Smartphone connectivity, high-resolution audio and OEM integration will play starring roles in the car electronics displays at CES.
Multiple suppliers will expand the selection of head units with Apple Car Play and Android Auto to control key smartphone functions from the dash. And multiple suppliers will expand their selection of in-dash heads with HDMI inputs to mirror the displays of connected smartphones and, in some cases, control the phones’ apps.
CarPlay and Android Auto enable head-unit touchscreens to display a driver-friendly UI that controls key apps on USB-connected Android and Apple smartphones, such as navigation, music, messaging and calling.
Head units with HDMI, at a minimum, will mirror the screens of connected Android and Apple smartphones, and more will come with Bluetooth’s HID (human interface device) profile to enable head-unit control of most apps on an Android smartphone. Some of the heads will deliver more limited control of Apple apps via Bluetooth SPP (serial port profile).
In high-res audio, at least three suppliers will launch their first in-dash head units with high-res decoding and DACs.
In OEM integration, more heads will integrate with a vehicle’s data bus via an iDatalink Maestro module to retain factory functions, such as OnStar, when the factory head is replaced. The aftermarket heads will also display OEM-vehicle information, such as tire pressure, depending on the vehicle and head unit.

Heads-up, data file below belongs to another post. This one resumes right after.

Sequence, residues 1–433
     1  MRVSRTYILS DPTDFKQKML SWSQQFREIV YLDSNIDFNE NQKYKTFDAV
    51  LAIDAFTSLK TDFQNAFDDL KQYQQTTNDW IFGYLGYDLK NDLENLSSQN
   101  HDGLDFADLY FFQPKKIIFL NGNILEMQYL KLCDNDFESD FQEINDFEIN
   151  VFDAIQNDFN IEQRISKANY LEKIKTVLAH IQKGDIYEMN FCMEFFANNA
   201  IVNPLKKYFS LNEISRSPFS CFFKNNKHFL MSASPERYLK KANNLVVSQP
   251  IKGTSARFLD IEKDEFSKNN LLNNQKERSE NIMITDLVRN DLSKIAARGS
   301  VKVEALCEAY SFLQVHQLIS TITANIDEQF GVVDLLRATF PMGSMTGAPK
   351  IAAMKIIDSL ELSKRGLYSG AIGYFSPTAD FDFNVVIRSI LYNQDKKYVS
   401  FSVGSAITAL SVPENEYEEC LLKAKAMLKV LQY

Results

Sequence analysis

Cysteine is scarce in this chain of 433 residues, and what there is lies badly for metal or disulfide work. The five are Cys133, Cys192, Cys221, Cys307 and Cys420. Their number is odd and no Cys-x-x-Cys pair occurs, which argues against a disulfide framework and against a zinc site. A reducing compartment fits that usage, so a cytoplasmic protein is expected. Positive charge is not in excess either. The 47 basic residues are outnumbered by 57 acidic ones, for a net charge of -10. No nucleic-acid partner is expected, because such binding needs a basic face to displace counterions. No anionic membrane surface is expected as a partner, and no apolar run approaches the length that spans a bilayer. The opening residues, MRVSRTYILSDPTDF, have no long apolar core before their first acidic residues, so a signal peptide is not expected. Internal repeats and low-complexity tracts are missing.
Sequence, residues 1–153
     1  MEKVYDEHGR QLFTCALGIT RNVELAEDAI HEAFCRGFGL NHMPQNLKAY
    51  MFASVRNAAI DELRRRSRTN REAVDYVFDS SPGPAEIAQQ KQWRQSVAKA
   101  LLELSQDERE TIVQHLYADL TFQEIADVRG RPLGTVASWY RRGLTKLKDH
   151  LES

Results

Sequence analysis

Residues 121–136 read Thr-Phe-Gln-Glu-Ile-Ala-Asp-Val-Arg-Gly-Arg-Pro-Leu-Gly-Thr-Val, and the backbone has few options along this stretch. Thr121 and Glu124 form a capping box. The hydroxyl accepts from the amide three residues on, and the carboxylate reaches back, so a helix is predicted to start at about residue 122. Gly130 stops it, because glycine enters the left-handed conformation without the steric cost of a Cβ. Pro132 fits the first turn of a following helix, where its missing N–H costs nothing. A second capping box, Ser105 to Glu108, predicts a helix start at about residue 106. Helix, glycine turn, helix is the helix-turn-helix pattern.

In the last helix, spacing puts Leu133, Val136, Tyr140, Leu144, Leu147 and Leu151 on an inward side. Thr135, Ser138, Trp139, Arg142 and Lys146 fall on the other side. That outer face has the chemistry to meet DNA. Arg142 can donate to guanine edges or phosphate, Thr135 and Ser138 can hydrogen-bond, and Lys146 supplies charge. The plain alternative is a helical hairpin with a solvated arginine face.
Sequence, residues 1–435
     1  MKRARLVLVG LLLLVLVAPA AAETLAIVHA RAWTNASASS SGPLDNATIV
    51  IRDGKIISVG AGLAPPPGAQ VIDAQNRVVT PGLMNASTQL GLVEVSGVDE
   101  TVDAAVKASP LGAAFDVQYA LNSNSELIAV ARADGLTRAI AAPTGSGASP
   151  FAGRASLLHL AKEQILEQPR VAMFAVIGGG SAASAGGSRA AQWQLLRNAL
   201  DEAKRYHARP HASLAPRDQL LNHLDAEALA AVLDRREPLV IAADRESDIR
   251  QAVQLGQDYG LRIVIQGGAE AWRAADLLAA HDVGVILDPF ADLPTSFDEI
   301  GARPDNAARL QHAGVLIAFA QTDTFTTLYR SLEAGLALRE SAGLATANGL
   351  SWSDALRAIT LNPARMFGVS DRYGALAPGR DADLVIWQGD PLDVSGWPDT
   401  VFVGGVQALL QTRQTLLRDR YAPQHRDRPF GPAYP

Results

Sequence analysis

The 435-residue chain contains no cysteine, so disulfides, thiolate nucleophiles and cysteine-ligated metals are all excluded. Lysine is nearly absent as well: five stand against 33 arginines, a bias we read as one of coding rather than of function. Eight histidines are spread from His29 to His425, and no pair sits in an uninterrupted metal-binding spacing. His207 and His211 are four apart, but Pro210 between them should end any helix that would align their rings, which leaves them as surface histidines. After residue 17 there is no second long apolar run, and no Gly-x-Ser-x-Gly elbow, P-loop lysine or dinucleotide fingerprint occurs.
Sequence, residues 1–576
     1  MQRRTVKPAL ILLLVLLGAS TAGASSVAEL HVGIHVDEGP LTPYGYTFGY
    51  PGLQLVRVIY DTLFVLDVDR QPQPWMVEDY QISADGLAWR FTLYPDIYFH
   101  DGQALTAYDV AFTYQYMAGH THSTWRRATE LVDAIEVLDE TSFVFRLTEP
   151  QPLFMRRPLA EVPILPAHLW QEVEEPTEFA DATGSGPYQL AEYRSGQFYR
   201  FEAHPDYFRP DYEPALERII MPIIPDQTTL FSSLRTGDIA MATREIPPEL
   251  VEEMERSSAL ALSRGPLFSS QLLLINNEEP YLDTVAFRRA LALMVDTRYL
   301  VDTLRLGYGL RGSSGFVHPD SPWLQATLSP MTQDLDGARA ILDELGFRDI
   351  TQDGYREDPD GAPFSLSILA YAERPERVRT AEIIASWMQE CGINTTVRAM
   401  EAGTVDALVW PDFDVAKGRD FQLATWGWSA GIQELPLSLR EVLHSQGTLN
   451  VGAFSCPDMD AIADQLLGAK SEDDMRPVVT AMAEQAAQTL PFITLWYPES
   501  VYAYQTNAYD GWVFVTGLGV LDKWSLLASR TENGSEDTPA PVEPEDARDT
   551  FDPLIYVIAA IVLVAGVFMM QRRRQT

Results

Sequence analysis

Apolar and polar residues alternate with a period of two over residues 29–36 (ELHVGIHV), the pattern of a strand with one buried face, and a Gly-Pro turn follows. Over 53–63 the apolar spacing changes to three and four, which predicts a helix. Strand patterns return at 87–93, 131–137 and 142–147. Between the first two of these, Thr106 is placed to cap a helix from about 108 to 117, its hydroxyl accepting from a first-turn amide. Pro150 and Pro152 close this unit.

Also at the show, dealers will find a greater section of heads with:
Android Open Accessory: When used with a manufacturer’s app, the heads select music stored on USB-connected Android 4.1+ phones by title, artist, and album. The heads also display song, artist and album metadata.
Bluetooth AVRCP 1.5: The Bluetooth profile lets heads select iPhone-stored music by song, artist, genre, composer and podcast. Android-stored music can also be selected by folder and artist.
Android Media Transfer Protocol (MTP): With this, heads browse the music library of a USB-connected Android phone by folder type, and the heads control play/pause and skip functions
Siri Eyes Free: When connected to an iPhone, the heads let drivers access Siri so drivers can use their voice to make requests, such as selecting and playing music, getting directions through Apple Maps, calling people in their phone’s contact list, looking up phone numbers for points of interest, setting a reminder or alarm, asking for the weather forecast, and the like.